Preparing for Export-Oriented America
Tyler Cowen wrote a fascinating and fantastic article recently on “What Export-Oriented America Means“. Obama had (outlandishly, it seemed at the time) pledged in 2010 to double America’s exports in five years – evidently we’re on track. Mr. Cowen had suggested that America would regain its mid-twentieth-century status as an export powerhouse, as a result of three factors: mechanization and automation through artificial intelligence, the emergence of natural gas as a power source, and growing demand in the developing world. I agree with all of these: mechanization will eventually outcompete subsistence wages, natural gas (and thus energy!) are likely to be disproportionately cheap in the USA for the foreseeable future, and barring truly terrible events the Third World will continue to grow. I think I believe Mr. Cowen – so given that, how should we as individuals prepare?
The human capital side of it is fairly simple (not easy, just simple). A lot of the gains of the new economy will accrue to those who have skills that can’t easily be outsourced/insourced to a machine or the Third World. This probably doesn’t mean assembly-line coding! Design will continue to be a sought-after skill, and in fact will probably get even more important. Irrepressible liberal-arts-student that I am, I tend to guess that writing both functional and creative will be important. Management skills will always be in demand. Data will continue to be increasingly abundant, accessible, and manipulable, and problem-solving in business will likely increasingly depend on asking the right questions rather than ability to answer them.
Corollary to the above: Most Americans aren’t necessarily fucked, but are ill-positioned. Many are fucked.
This is beneath Cowen’s notice, but I think there are huge changes ahead for the professional-services world – think big law, accounting, consulting and finance. Increasing globalization and mechanization will completely destroy their talent model. These businesses have traditionally relied on a funnel of young entrants doing bitch work and getting gradually moved up the ladder. These low-level jobs can either be mechanized or moved overseas to cheaper locations, to dedicated analysts/associates in India or the Phillipines who solely do analyst/associate work as a career and are better at it than two-year itinerants. My prediction is that the incoming classes at these firms will shrink dramatically, and hiring will emphasize the skill sets needed for future partners. Their main function will be to assist in the front office, doing sales and client-handling for work performed either by machines or in overseas back offices. Interpersonal interaction will, as always, be an amply compensated skill.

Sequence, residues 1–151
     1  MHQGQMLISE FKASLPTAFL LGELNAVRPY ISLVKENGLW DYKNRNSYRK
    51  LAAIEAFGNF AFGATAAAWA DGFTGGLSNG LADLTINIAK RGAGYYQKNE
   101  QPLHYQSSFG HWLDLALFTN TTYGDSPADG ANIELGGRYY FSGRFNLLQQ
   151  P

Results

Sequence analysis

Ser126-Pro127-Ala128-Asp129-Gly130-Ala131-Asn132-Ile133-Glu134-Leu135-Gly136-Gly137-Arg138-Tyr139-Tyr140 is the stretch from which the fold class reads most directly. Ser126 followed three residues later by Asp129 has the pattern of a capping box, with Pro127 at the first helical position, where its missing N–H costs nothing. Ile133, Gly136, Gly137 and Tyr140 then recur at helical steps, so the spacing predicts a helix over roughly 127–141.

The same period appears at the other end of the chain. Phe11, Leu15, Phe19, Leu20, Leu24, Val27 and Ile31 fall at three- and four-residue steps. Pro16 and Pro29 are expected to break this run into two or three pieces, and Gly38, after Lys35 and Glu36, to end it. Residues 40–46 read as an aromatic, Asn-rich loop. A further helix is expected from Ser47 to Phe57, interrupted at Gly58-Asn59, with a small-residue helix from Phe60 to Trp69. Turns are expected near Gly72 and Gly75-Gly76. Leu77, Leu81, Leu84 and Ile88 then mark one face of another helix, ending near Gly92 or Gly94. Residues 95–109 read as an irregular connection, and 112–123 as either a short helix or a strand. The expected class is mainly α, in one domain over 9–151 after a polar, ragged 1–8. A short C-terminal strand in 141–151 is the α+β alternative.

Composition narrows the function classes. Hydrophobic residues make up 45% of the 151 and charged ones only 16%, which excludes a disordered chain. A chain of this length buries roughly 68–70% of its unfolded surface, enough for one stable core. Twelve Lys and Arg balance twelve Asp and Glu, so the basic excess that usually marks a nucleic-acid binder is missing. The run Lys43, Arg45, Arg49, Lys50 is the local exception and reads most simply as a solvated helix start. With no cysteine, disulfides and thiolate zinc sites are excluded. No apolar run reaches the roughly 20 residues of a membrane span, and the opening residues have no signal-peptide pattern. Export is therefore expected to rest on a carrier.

Business losers? Natural gas will probably not be a winner for the foreseeable future – its cheapness will power new American manufacturing, and the export potential will be limited for a long time. The next generation of manufacturing would be great to buy stock in, but it doesn’t exist yet. I would stay away from healthcare providers, personally – if it remains human-dependent, its cost structure will spiral upwards even if drugs get cheaper. I’m highly bearish on the long-term profitability of finance – math and moving money are the easiest-to-automate tasks there are. Telecom is fucked.
Winners? Big Data is probably for real, and a winner in this scenario. So are semiconductors and other high-value-added manufactured products – IBM divesting laptops was a great move in 2005, but that manufacturing is a natural candidate to come back at some point. I think a lot of old manufacturing companies that can make the transition to automation will do pretty well – there’s a lot of room for real revolution in motor vehicles (systems, drives, and materials), for example, and anyone riding that wave will be rolling in profits. Professional services should continue to be healthy.
There is a lot of room for innovative business models, especially in manufacturing and logistics. Smart vehicles and packing robots WILL happen, and will revolutionize the logistics industry. I think configure-to-order for all sorts of products will become the norm. Cracking the code for the future of professional services will be insanely lucrative. I’d need to think this over a bit more.
As always, everything will change.